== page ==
GV4D4 - week 1

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These are my notes from September 26 for GV4D4 at the London School of Economics for the 2017-2018 school year. I took this module as part of the one-year Inequalities and Social Science MSc program.

The usual disclaimer: all notes are my personal impressions and do not necessarily reflect the view of the lecturer.



(I didn’t do the readings in advance because, well, I didn’t know there were any—I hadn’t yet been offered a place in the course and so couldn’t access it through Moodle. But apparently you can view the reading list for any course at LSE through lse.rl.talis.com. Seems like there’s a lot of overlap with SO478, which is convenient for me.)

Inequality by Anthony B. Atkinson (introduction and chapter 1)

_(Writing up these notes on May 21, 2018, the day before the exam)

The thrust of this chapter is Atkinson trying to convince the average reader that equality of outcome is important (and that we shouldn’t focus solely on equality of opportunity). His reasons are as follows:

He also criticises the economics profession for failing to adequately address the topic of inequality thus far. His main concern with inequality is that it destroys social cohesion (“A society in which no one could afford to travel privately into space, and in which everyone could afford to buy their food from ordinary shops, would be more cohesive and have a greater sense of shared interests.”, p16) which is a little disappointing given that he mentions the social constructiveness of the prize structure early on.

On inequality being magnified within the upper echelons of the economy:

The upper tail of the distribution has some resemblance to a Russian matryoshka nested doll: wherever we slice the distribution we find the same inequality being reproduced within the remaining top part. (p20)

Highlights the increase in inequality in both the US and the UK since the 70s/80s, after dropping quite dramatically during WWII (and potentially for some period before and after, depending on which metrics you consider).

Mentions New Labour’s approach to inequality/poverty: “In 1999 under Tony Blair the UK government adopted an official target for the abolition of child poverty, with the aim of eradicating child poverty by 2020” (p24). Also:

The decline in poverty in the UK was accompanied by a marked rise in top income shares. The New Labour government was “intensely relaxed” (a contradiction in terms?) about people getting rich. However, the fall achieved in the past twenty years—for which credit must be given—still leaves the current UK poverty rate above the level of the 1960s and 1970s, a level that was regarded at the time as profoundly shocking. The Child Poverty Action Group was founded in 1965 when the poverty rate was 3 per cent lower than it is today. (p24)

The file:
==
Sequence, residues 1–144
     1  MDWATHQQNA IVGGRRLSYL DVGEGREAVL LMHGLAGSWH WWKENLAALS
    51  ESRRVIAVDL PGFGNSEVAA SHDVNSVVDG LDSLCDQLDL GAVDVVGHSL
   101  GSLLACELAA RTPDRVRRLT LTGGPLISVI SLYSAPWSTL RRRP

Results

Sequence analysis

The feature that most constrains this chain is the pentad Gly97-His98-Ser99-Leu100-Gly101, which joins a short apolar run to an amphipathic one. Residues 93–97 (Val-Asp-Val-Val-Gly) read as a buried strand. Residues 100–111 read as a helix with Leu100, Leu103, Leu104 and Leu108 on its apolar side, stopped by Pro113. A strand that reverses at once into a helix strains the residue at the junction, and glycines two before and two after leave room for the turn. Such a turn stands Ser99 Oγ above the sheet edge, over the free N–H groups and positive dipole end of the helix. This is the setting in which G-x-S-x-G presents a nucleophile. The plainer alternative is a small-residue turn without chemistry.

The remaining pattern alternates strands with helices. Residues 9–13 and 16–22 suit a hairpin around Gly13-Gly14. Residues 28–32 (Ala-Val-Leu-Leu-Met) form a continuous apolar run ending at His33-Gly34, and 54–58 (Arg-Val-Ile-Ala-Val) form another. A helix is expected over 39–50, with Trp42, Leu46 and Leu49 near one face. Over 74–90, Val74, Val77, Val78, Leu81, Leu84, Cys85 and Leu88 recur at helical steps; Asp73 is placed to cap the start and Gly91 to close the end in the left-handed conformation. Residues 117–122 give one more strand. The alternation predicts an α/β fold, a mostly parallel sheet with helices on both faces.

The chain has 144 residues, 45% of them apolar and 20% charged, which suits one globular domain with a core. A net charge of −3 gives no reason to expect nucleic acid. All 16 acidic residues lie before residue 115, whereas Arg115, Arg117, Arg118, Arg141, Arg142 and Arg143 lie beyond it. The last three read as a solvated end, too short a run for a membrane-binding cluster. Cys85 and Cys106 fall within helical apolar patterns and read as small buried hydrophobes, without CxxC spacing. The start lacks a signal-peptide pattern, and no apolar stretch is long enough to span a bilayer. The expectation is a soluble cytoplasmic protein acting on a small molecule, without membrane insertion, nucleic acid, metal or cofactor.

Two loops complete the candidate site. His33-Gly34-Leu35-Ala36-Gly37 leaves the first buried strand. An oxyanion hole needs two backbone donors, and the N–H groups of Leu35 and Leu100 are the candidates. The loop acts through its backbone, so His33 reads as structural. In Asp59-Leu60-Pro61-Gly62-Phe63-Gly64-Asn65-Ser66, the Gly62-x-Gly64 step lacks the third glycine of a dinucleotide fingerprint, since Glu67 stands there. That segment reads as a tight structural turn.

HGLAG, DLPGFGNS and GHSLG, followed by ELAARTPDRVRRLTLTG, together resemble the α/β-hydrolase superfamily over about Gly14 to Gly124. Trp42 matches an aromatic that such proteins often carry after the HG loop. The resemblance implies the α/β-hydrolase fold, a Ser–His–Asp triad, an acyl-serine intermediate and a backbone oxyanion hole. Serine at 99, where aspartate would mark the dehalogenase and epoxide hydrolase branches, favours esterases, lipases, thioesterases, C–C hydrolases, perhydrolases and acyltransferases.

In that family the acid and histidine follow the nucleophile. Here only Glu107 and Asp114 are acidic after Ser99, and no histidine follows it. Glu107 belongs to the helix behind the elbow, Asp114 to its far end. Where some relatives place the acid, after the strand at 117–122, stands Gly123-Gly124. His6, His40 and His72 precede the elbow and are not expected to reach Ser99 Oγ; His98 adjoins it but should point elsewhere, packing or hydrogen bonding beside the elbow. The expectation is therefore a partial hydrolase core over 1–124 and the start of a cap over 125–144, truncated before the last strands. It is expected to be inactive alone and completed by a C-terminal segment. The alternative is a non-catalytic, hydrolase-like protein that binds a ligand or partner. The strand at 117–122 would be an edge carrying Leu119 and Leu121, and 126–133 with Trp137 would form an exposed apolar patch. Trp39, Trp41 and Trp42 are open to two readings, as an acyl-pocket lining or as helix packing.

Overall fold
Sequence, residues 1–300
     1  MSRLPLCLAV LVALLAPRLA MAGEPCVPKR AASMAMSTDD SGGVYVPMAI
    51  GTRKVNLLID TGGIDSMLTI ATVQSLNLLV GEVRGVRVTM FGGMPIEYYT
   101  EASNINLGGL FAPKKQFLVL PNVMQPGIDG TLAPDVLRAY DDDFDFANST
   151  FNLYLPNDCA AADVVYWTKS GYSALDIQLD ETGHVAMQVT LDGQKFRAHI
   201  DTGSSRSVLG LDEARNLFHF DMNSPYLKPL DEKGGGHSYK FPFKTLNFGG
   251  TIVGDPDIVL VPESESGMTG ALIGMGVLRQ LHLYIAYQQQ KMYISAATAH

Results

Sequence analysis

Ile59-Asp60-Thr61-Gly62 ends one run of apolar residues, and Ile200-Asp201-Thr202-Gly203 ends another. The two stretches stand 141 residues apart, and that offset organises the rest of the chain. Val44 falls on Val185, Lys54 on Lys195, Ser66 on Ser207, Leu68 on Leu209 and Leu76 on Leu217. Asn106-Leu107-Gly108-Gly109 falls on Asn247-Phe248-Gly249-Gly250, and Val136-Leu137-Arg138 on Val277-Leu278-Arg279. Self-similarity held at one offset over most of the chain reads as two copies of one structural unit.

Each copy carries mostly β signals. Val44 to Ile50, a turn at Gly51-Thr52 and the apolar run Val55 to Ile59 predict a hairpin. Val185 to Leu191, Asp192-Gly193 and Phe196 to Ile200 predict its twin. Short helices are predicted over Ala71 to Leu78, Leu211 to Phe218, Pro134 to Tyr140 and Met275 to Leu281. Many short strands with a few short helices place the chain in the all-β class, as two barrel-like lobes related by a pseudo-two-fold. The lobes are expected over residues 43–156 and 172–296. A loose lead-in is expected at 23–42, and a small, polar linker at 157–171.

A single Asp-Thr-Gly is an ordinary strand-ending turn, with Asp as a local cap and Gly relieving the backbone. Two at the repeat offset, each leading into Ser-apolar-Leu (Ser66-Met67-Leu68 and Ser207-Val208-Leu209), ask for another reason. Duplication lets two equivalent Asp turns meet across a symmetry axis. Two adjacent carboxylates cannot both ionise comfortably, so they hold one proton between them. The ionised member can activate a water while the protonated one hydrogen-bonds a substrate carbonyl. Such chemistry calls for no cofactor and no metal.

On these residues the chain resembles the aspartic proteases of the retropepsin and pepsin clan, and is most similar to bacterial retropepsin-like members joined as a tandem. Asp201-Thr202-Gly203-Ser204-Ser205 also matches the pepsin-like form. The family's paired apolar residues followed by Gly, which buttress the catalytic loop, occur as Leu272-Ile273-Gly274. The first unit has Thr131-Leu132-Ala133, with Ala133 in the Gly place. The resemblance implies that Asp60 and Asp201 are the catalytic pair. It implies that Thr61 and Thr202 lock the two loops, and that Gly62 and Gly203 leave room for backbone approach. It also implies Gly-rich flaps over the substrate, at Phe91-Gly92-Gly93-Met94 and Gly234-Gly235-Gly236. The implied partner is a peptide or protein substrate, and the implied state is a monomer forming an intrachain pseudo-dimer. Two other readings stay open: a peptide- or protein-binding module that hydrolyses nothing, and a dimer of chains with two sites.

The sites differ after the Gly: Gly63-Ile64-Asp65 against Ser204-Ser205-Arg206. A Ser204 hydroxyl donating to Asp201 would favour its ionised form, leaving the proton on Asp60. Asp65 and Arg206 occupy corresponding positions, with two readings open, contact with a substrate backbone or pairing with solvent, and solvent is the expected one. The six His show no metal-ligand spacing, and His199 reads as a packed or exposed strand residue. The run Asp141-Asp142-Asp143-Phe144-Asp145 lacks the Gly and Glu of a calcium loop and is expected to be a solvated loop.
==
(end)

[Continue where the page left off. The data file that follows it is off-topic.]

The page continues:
(Incidentally, this has nothing to do with the chapter itself, but this New Socialist piece on New Labour’s social exclusion policy is quite good.)

This, on the link between poverty and high top income shares, is good (although Atkinson only illustrates this with quantitative data, rather than going deeper into the wage-labour-related reasons, at least for now):

There is still a long way to go. In my judgement, the eradication of poverty in rich countries requires us to think more ambitiously, beyond the strategies employed to date. We have to view our societies as a whole and to recognise that there are important interconnections: economics tends to assume away or downplay any interdependency between the economic fortunes of individuals (or households), but John Donne was right when he wrote that “no man is an Iland, intire of it selfe.” What happens at the top of the distribution affects those at the bottom. (p25)

Some important points on two different measures of inequality: income, and consumption. Both are complex and multifaceted, and neither is “demonstrably superior” to the other (p37). Also mentions that spending is about more than merely consumption, at least for the wealthy (it’s about power).

Capital in the Twenty-First Century by Thomas Piketty (introduction and chapters 1-2)

Challenging the idea that the capital-labour income ratio has been solid throughout history, at 2/3 to 1/3

[…] the shocks that buffeted the economy in the period 1914–1945—World War I, the Bolshevik Revolution of 1917, the Great Depression, World War II, and the consequent advent of new regulatory and tax policies along with controls on capital—reduced capital’s share of income to historically low levels in the 1950s. Very soon, however, capital began to reconstitute itself. The growth of capital’s share accelerated with the victories of Margaret Thatcher in England in 1979 and Ronald Reagan in the United States in 1980, marking the beginning of a conservative revolution. Then came the collapse of the Soviet bloc in 1989, followed by financial globalization and deregulation in the 1990s. All of these events marked a political turn in the opposite direction from that observed in the first half of the twentieth century. By 2010, and despite the crisis that began in 2007–2008, capital was prospering as it had not done since 1913. (p41-42)